Two of the deputies then drove back to check the premises and observed at Clanton Corporation the same type of tire tracks near the front of the building as they had observed near the hole in the fence. They ascertained at the rear of the building that a hasp had been broken on a sliding door and inside the office was in disarray. It was obvious that a burglary had taken place. Clanton on Tuesday morning determined that a drill, torch, acetylene hoses, gauges, and a cart were missing. Mr. White, of Ladd Ready-Mix, found that the back window of their office had been moved, that someone had made an entry and that a typewriter and adding machine were missing.

Appellant now asserts that there was no probable cause for the arrest and the subsequent search and that a fair trial was denied because of the conduct of the judge. There is no merit to such contentions.

The officers had a duty to investigate the suspicious circumstances of considerable office equipment and electrical tools being cached in the brush alongside a dirt road at between 2 a.m. and 3 a.m. (See People v. Rogers, 241 Cal.App.2d 384, 387, 50 Cal.Rptr. 559.) When the officers saw the black and white car making certain maneuvers to get into the area, travel to the point where the items were cached, the car lights go off, followed by a short wait and the car lights then go back on and the car then proceed toward the main road, they had reasonable or probable cause to make an arrest on suspicion of burglary. Indeed, had the officers sat silently by and watched the black and white car proceed away with what was obviously loot, they should have been disciplined. The opening of the trunk where the electric cord was hanging out was incidental to the arrest. Under the circumstances, a conscientious and prudent person would entertain a strong suspicion that appellant was one of the burglars. (See People v. Lindogan, 212 Cal.App.2d 466, 469, 27 Cal.Rptr. 905; People v. Wozniak, 235 Cal.App.2d 243, 250, 45 Cal.Rptr. 222.) There is substantial evidence to support the view of the trial judge that the arrest and search were proper and legal under the particular circumstances of this case. (See People v. Wozniak, supra, 235 Cal.App.2d 243, 250, 45 Cal.Rptr. 222.)

Appellant complains that the trial judge made certain prejudicial remarks with reference to appellant's propensities to steal. After the appellant had been found guilty and while out on bail awaiting a probation officer's report and sentence, he was arrested and charged with a burglary in Orange County. The judge said, ‘That's a habit he can't break. I imagine if convicted in Orange County, he will be given a similar sentence there.’ We see nothing, under the circumstances, which shows any bias or prejudice in the remark.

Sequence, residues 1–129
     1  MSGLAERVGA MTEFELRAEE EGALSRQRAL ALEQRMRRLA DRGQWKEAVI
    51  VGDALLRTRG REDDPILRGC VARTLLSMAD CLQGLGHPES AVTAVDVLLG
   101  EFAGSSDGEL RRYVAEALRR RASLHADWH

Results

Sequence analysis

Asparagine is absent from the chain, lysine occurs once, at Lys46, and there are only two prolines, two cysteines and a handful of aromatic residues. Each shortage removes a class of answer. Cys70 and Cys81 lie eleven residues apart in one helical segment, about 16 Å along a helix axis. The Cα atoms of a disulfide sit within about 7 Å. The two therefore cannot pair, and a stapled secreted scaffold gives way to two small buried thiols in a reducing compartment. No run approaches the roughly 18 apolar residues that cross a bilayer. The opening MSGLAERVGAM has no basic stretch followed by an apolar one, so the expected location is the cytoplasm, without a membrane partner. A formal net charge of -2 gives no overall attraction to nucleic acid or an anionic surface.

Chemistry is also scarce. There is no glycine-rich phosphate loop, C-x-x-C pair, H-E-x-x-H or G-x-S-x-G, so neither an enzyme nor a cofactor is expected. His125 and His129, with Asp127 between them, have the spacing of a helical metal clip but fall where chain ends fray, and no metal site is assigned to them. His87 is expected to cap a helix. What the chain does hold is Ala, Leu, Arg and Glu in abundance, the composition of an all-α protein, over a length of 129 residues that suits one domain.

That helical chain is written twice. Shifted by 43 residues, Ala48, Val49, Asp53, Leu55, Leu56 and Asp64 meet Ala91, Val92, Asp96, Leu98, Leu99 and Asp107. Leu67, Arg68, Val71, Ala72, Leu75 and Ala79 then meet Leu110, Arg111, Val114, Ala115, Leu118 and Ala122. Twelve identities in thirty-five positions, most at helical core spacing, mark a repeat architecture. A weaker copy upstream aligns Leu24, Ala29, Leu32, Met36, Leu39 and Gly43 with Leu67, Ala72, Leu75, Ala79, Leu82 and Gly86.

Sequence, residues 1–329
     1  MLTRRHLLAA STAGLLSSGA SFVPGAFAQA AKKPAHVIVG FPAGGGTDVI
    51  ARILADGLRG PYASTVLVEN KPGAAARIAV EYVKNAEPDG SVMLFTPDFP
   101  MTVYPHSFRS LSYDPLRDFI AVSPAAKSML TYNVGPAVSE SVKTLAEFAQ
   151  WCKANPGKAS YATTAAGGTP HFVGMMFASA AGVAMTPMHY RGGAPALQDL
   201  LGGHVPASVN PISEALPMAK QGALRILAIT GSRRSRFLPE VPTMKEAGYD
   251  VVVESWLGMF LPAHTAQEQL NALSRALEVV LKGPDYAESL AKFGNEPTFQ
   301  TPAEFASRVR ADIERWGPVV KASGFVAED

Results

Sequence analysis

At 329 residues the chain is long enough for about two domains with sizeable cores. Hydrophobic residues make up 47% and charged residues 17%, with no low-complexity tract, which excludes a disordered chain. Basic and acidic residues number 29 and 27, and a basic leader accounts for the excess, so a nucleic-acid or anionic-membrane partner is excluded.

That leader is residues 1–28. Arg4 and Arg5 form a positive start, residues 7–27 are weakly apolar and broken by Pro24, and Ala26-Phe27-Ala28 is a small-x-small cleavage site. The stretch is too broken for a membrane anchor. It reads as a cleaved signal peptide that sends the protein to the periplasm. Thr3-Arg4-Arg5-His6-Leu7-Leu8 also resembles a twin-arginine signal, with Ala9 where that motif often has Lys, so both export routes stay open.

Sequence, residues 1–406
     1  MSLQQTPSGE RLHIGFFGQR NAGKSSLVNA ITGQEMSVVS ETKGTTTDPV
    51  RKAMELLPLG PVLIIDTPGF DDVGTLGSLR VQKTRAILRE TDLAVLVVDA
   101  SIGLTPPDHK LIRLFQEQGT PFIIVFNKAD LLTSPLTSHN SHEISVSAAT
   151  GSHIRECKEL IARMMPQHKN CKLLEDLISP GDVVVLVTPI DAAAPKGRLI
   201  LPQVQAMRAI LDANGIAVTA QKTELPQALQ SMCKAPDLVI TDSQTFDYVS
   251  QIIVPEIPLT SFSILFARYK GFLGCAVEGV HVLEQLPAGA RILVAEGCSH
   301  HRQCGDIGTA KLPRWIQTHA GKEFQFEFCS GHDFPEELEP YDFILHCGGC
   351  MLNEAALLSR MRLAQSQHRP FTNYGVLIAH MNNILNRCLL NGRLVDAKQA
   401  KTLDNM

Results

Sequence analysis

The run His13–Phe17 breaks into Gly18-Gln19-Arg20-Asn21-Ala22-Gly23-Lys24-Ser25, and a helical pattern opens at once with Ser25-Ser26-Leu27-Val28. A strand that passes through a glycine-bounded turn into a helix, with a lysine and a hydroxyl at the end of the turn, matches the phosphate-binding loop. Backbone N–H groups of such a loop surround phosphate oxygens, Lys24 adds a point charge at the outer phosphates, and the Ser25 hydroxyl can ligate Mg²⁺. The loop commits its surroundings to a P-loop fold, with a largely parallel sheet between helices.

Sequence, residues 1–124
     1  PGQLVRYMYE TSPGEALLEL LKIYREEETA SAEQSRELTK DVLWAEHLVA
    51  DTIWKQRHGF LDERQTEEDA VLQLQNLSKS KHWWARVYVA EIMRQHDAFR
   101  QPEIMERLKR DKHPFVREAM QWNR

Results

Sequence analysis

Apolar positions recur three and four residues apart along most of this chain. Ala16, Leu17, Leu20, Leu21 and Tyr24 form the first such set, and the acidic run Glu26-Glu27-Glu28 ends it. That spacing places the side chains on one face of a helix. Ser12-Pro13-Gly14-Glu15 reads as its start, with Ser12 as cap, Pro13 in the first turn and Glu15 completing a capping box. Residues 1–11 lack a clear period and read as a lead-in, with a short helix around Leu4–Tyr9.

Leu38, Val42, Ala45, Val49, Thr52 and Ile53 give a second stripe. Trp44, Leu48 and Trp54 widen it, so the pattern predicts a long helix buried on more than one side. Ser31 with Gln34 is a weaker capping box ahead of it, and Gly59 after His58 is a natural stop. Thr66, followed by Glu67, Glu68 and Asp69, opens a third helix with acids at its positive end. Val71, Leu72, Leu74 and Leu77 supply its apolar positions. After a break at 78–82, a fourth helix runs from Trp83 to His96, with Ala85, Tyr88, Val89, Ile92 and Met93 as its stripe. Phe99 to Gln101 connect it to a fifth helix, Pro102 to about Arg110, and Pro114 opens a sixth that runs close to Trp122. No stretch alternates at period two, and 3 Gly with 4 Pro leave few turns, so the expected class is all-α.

We have studied the record thoroughly in this case and nothing which was said or indicated by the judge shows in the slightest any bias or prejudice against appellant.

With reference to the claim that appellant's counsel was not able to cross-examine an officer prosecution witness completely, the record shows that the officer at the trial was asked whether the typewriter, torch and drill introduced into evidence as exhibits 2, 3, and 4, were some of the items found in the truck of the car and he answered, yes. This covered approximately one page of transcript. Appellant's counsel then questioned the officer (covering fourteen pages of transcript) when the judge said, ‘* * * you have about two minutes more’ and at once counsel stated, ‘I have nothing further, your Honor.’ There was no unreasonable restriction upon appellant's counsel. In any event “The court has, however, discretionary power over cross-examination which will be disturbed on appeal only in case of an abuse thereof. Thus the court may confine an examination within reasonable limits, and May curtail a cross-examination which is unduly protracted, frivolous, or which relates to matters which are irrelevant, admitted or have already been fully covered. (Citations.)” (People v. Rivers, 171 Cal.App.2d 335, 340, 340 P.2d 648, 651; People v. Clay, 227 Cal.App.2d 84, 101, 38 Cal.Rptr. 431, 100 A.L.R.2d 1421.)

We have considered appellant's contentions and find no merit therein and in any event no prejudicial error was committed. (California Constitution, Art, VI, s 13.)

The attempted appeal from the order denying a motion for a new trial is dismissed.

The judgment is affirmed.

FOURT, Associate Justice.

WOOD, P.J., and LILLIE, J., concur.